The role of Amazon API Gateway in an API infrastructure (source)

Furthermore, if a solution in your infrastructure needs to be switched-out or removed, using a gateway means that you only need one point of contact. You can configure the gateway to divert the traffic, rather than having to configure each app.

Amazon API Gateway goes even further, by providing dozens of additional features such as tracing requests (for debugging), traffic monitoring and easy integration into the rest of the AWS ecosystem.

Securing apps with Amazon API Gateway

Although Amazon API Gateway offers powerful mechanisms to bolster your applications defenses, the benefits are multiplied when combined with other AWS services, such as CloudWatch and AWS X-Ray. In this section, we’ll look at a number of AWS services that compliment Amazon API Gateway and illustrate (with examples) how they combine to protect your applications. We’ll also make sure to provide links to helpful and original Amazon documentation along the way.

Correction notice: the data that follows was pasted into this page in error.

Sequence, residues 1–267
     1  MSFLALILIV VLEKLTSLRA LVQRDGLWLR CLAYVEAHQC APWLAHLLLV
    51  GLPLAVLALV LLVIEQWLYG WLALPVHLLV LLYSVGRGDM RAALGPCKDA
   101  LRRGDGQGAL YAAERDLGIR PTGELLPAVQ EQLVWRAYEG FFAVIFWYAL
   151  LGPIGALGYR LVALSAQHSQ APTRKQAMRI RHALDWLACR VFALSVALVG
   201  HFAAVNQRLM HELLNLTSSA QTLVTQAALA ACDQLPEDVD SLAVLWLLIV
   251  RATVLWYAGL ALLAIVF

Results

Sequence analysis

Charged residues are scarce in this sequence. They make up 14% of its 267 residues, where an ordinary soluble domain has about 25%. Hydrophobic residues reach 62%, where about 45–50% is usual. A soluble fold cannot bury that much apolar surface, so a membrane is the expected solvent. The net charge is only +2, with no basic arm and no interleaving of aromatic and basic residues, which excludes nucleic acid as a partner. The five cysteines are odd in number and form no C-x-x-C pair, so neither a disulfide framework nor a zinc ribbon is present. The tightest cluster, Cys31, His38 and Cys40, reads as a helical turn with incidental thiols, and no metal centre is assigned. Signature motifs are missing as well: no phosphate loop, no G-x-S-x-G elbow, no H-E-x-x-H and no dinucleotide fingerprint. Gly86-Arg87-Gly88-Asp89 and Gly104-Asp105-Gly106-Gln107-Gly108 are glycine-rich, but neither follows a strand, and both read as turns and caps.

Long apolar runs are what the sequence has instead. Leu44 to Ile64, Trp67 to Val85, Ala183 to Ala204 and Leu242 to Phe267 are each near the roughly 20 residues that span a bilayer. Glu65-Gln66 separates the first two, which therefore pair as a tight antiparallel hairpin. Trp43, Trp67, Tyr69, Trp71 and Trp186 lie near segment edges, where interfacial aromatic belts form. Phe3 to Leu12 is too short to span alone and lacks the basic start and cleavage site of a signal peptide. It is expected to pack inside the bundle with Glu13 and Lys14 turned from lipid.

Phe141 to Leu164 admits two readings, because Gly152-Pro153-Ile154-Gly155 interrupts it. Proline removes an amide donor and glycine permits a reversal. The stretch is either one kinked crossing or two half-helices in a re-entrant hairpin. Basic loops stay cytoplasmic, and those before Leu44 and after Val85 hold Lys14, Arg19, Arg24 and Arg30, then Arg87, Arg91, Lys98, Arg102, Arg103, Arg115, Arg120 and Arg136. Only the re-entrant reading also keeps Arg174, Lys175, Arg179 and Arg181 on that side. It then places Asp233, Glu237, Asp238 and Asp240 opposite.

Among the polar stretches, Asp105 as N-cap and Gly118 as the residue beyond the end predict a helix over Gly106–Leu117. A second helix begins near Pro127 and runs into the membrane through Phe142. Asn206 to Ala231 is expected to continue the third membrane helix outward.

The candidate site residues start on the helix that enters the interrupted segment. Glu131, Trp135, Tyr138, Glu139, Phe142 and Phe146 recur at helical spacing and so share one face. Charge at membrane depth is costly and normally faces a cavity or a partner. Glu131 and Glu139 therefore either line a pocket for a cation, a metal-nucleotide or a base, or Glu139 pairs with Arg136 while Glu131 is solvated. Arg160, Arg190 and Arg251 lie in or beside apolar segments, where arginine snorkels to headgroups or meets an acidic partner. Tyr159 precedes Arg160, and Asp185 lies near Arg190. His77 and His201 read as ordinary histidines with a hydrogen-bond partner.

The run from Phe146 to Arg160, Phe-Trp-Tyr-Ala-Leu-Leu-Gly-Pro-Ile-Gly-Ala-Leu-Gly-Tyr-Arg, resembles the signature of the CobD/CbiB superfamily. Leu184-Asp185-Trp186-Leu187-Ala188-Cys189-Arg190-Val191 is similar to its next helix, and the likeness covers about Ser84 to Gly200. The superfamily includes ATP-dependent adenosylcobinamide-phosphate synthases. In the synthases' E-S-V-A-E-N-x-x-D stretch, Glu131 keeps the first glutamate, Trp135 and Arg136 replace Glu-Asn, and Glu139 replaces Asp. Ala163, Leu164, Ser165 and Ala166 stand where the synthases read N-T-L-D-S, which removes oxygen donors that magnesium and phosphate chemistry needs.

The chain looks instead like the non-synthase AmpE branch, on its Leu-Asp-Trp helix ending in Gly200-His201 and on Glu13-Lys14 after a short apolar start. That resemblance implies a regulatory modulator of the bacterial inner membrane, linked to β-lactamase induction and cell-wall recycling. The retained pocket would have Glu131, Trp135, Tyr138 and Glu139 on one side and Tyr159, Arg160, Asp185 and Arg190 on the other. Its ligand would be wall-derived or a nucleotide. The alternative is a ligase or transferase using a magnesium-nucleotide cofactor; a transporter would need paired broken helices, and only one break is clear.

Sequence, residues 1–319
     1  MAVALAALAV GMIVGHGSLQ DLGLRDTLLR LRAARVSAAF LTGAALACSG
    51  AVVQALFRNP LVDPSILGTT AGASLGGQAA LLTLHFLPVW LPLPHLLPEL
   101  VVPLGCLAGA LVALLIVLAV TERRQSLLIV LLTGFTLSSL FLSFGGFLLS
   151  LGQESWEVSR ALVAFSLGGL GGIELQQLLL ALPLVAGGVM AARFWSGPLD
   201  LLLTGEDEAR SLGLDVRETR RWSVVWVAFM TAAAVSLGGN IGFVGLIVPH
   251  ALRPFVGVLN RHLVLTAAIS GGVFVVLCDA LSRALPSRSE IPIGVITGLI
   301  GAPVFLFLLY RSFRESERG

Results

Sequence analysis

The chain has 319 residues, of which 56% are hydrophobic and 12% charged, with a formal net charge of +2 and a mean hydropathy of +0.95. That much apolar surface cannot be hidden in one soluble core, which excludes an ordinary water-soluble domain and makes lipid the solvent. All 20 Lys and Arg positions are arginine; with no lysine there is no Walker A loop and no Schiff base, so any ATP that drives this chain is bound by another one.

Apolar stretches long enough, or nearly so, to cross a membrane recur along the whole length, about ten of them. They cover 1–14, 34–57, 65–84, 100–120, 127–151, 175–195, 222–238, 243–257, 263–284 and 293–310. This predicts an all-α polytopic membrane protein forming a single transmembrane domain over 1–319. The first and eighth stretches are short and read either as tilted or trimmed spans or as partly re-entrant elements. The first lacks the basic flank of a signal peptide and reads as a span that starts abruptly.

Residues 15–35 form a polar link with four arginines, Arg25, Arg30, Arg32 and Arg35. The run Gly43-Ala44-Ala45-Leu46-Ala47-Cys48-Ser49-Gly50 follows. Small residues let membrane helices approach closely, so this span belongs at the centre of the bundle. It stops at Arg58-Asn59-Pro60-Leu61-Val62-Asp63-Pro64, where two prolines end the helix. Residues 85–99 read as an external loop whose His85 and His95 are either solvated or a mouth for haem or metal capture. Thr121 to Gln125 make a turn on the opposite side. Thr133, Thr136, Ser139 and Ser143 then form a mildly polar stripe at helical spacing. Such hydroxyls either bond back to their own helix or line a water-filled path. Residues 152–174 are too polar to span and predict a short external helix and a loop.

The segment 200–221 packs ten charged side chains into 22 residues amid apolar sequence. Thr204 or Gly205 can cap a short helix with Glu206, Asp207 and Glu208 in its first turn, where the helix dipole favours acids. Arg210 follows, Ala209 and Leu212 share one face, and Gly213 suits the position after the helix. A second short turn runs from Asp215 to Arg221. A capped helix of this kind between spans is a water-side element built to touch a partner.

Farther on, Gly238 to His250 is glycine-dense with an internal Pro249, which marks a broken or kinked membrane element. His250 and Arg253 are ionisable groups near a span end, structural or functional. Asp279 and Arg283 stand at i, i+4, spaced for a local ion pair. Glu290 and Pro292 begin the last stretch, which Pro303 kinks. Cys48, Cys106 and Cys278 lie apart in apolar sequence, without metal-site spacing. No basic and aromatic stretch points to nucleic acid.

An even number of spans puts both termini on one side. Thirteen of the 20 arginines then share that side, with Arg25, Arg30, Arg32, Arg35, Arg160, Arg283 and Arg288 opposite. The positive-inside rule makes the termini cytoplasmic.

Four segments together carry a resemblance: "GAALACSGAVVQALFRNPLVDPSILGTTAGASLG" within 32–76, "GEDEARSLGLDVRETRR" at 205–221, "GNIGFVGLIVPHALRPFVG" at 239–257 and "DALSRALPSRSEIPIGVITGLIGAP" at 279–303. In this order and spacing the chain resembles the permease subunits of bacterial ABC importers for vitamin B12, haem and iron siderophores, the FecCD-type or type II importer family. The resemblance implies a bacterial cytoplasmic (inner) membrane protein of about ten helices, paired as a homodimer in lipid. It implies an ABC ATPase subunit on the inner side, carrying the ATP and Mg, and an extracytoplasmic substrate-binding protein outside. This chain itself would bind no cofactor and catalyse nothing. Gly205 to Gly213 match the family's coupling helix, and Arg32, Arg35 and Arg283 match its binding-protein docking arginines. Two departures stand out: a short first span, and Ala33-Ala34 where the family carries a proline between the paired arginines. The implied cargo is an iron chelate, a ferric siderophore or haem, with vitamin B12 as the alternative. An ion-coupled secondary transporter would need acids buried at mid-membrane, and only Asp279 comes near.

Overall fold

Amazon CloudWatch provides monitoring and observability. The ability to initiate alerts and put together expressive dashboards makes CloudWatch a useful tool in the cloud engineer toolbox. But the ability to create dashboards and alerts, informed and triggered by security anomalies and intrusion detection rules, make it even better!

Dashboards in AWS CloudWatch are completely customizable (source)


Watch Now. No Forms


AWS Identity and Access Management (IAM) provides finely grained permissions for AWS services and resources. AWS IAM has two main functions:

  1. allow cloud engineers to access the infrastructure they need